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Mio’s Story: How Psilocybin Therapy For End-Of-Life Anxiety Helps To Treat The Whole Person

Mio’s Story: How Psilocybin Therapy For End-Of-Life Anxiety Helps To Treat The Whole Person

Research shows that for patients suffering from life-threatening cancer, complementary therapies ranging from yoga to qigong and psychedelic-assisted therapy can help treat cancer-related side effects like pain, fatigue, anxiety, and depression. And one option growing in popularity is psilocybin therapy for anxiety.

Yes, Western medicine can treat most symptoms and ailments with precision. But when it comes to holistic therapy, the healthcare system tends to overlook the connection between mind, body, and spirit. This is opening the door for patients to explore other, more natural treatment methods.

RELATED: What Does Anxiety Feel Like?

Existential Anxiety ‘Like An Underlying Rumbling’

Mio Yokoi, a therapist in her mid-40s, was diagnosed with stage-four pancreatic cancer two years ago. At the time, doctors told her that they weren’t sure how much time she had left to live. She knew then that, in addition to treating the cancer, she would also have to take care of her mind.

“I wanted to make sure to think about my mental and emotional health as well, so I signed up for every resource I could get my hands on in terms of psychosocial support,” Yokoi told Healing Maps.

The resources helped, she said, but she still felt overcome with existential dread and fear. She described the feeling as “an underlying rumbling, a kind of stormy internal sense” that robbed her of the peace she felt before receiving her diagnosis.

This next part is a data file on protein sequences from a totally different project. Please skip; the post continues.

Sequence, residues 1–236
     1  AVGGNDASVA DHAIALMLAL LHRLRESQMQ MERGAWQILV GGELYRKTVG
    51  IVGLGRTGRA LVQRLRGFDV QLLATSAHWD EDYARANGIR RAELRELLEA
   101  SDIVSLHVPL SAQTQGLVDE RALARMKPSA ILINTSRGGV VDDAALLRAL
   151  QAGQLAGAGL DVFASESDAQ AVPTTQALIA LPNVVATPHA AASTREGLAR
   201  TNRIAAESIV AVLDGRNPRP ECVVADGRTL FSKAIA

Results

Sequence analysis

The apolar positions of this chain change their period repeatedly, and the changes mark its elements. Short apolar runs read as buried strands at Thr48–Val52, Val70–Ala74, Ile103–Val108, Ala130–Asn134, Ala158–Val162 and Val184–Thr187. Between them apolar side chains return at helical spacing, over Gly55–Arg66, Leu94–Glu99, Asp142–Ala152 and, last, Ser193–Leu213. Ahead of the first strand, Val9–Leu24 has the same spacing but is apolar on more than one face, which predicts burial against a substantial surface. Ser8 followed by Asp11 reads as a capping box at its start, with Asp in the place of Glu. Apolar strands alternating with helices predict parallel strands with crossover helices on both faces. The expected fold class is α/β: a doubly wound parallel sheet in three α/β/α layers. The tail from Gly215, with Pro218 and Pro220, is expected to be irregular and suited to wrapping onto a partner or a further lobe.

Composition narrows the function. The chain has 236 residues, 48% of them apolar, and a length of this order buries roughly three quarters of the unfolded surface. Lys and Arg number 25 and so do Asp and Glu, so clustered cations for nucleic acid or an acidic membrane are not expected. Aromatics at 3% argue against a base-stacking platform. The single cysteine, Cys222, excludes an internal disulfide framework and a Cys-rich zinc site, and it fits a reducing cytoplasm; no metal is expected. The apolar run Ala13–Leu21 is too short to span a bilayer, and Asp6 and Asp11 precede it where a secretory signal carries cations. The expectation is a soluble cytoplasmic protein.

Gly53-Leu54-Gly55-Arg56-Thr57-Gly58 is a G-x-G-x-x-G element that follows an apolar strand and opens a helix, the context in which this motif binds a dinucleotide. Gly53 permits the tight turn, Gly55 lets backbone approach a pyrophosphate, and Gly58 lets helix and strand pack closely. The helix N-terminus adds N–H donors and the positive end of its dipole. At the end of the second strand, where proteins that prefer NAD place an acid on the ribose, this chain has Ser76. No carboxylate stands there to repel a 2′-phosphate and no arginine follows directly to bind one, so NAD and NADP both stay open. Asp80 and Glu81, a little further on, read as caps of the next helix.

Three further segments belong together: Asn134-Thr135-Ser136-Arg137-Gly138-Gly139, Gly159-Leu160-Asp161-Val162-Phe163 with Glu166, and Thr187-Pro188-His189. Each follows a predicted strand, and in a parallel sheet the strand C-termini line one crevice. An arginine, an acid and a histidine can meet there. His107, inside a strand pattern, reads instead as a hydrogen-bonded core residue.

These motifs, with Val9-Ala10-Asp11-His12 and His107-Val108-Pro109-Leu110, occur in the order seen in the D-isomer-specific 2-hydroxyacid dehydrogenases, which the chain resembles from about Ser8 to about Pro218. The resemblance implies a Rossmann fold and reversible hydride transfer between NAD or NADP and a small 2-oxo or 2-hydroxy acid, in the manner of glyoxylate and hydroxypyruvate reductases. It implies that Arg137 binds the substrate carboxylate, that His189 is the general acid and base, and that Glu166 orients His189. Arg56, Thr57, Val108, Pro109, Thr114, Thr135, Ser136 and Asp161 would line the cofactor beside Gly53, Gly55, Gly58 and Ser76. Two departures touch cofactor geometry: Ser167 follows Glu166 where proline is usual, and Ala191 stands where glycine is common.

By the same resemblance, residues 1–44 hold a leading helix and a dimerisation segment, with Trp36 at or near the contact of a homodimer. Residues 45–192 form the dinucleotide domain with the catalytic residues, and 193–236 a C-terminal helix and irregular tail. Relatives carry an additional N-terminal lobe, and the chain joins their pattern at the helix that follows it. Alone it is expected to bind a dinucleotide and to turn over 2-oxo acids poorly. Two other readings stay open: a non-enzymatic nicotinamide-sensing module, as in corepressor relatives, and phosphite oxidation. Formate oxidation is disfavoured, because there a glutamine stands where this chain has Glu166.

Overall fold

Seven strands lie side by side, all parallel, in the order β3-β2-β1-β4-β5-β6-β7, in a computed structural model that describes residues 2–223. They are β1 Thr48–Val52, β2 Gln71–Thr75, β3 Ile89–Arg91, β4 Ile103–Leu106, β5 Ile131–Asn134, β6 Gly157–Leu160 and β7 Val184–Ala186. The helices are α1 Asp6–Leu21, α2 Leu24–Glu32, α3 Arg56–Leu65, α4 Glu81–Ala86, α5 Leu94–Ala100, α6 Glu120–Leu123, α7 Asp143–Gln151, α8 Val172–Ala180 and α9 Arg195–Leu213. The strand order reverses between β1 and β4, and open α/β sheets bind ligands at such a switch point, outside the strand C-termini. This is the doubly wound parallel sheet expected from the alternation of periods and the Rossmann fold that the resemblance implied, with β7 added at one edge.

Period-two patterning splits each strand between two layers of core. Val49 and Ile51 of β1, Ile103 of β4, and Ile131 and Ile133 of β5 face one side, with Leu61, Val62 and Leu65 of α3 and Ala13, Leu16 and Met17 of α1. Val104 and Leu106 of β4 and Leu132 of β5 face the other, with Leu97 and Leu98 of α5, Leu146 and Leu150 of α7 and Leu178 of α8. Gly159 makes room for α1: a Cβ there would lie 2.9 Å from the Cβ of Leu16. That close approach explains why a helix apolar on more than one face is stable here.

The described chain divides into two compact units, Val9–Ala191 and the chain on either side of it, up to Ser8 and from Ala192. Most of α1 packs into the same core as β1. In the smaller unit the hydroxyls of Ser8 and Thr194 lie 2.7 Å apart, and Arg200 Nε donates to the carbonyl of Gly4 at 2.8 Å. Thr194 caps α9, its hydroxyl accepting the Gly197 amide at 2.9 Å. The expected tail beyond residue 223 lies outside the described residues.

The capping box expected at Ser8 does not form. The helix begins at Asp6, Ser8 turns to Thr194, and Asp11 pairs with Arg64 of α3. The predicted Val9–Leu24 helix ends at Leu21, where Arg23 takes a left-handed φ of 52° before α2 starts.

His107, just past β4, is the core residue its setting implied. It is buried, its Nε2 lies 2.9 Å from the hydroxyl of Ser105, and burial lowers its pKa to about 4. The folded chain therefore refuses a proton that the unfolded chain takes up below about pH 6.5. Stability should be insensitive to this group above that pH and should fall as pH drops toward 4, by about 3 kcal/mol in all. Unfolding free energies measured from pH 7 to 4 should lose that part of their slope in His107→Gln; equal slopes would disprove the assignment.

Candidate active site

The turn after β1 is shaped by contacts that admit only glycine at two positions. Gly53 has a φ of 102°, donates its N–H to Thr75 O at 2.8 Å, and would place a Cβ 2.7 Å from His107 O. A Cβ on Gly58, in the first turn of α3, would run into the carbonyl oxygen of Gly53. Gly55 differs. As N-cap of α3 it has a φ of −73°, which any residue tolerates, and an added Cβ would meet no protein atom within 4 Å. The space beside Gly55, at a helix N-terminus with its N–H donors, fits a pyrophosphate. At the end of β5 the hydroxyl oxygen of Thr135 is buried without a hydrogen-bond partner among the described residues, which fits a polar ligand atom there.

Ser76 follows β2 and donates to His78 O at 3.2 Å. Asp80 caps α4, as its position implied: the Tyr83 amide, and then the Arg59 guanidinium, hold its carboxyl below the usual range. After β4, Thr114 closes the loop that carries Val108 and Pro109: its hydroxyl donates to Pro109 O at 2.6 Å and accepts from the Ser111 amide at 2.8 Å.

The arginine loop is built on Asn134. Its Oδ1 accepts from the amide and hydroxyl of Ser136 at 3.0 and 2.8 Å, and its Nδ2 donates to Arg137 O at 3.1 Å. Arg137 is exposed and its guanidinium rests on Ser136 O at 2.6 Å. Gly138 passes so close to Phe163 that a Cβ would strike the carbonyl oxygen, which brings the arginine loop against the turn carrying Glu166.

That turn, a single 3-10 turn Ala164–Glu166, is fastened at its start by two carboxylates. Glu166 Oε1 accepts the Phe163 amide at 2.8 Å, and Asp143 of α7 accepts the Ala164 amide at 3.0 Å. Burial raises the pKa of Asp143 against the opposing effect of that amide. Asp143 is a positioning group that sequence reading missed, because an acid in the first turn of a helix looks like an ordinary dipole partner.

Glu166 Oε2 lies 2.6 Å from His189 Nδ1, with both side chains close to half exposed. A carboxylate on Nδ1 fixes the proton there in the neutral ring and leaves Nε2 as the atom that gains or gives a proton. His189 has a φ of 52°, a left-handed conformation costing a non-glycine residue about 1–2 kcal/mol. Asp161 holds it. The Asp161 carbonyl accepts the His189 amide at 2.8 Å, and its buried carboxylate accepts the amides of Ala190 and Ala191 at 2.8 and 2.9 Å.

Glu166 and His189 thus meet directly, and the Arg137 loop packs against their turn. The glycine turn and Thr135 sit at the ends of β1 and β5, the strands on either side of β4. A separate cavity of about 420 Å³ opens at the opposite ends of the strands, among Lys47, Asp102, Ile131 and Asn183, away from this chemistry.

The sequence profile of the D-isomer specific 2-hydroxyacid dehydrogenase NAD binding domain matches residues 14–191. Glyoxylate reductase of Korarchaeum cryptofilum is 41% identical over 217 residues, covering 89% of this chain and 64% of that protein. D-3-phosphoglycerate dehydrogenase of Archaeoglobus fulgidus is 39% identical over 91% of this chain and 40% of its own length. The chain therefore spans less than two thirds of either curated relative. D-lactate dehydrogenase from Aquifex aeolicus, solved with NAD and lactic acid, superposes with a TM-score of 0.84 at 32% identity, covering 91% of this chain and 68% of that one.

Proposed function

“All of a sudden, that finish line seems a lot closer, and it’s really difficult to be able to internally organize all of that and find some kind of peace,” she said. “It was really impacting my quality of life.”

She had heard about the research behind psilocybin therapy for anxiety — specifically for end-of-life distress. However, she wasn’t sure it was something she could access safely.

Then, last fall, Yokoi learned that the Toronto hospital network where her cancer was being treated had received a substantial donation to create a psychedelic research center. Here, psilocybin and other psychedelic drugs would be studied for end-of-life distress and treatment-resistant depression.

She contacted staff at the hospital to inquire about the status of the studies and if she was qualified to participate but learned that it would be several months before research began. “I realized that I didn’t know if I was going to be around long enough to benefit from this thing, and I decided to see whether or not there were private options,” said Yokoi.

Mio Yokoi recounts her experience using psilocybin therapy for anxiety through Canada's Special Access Program (SAP)
Image provided by Mio Yokoi

Field Trip Health Helps With Access To Psilocybin Therapy For Anxiety

In her search for legal access to psilocybin, she found Field Trip Health, a psychedelic medicine clinic in Toronto that had recently posted some information online about Canada’s Special Access Program (SAP). The SAP allows physicians to request access to restricted drugs, including drugs that have shown promise in clinical trials, on behalf of patients with serious or life-threatening conditions.

Through her interest in mental health and psychedelics, Yokoi was already familiar with Field Trip. “I knew that they were a clinic and a company providing this service, with experience and safety protocols, so that’s something I felt good about,” she said.

She recruited Field Trip’s medical director, Dr. Michael Verbora, to help her apply for special access to psilocybin. While they waited for a response from Health Canada, Yokoi decided to try ketamine-assisted therapy.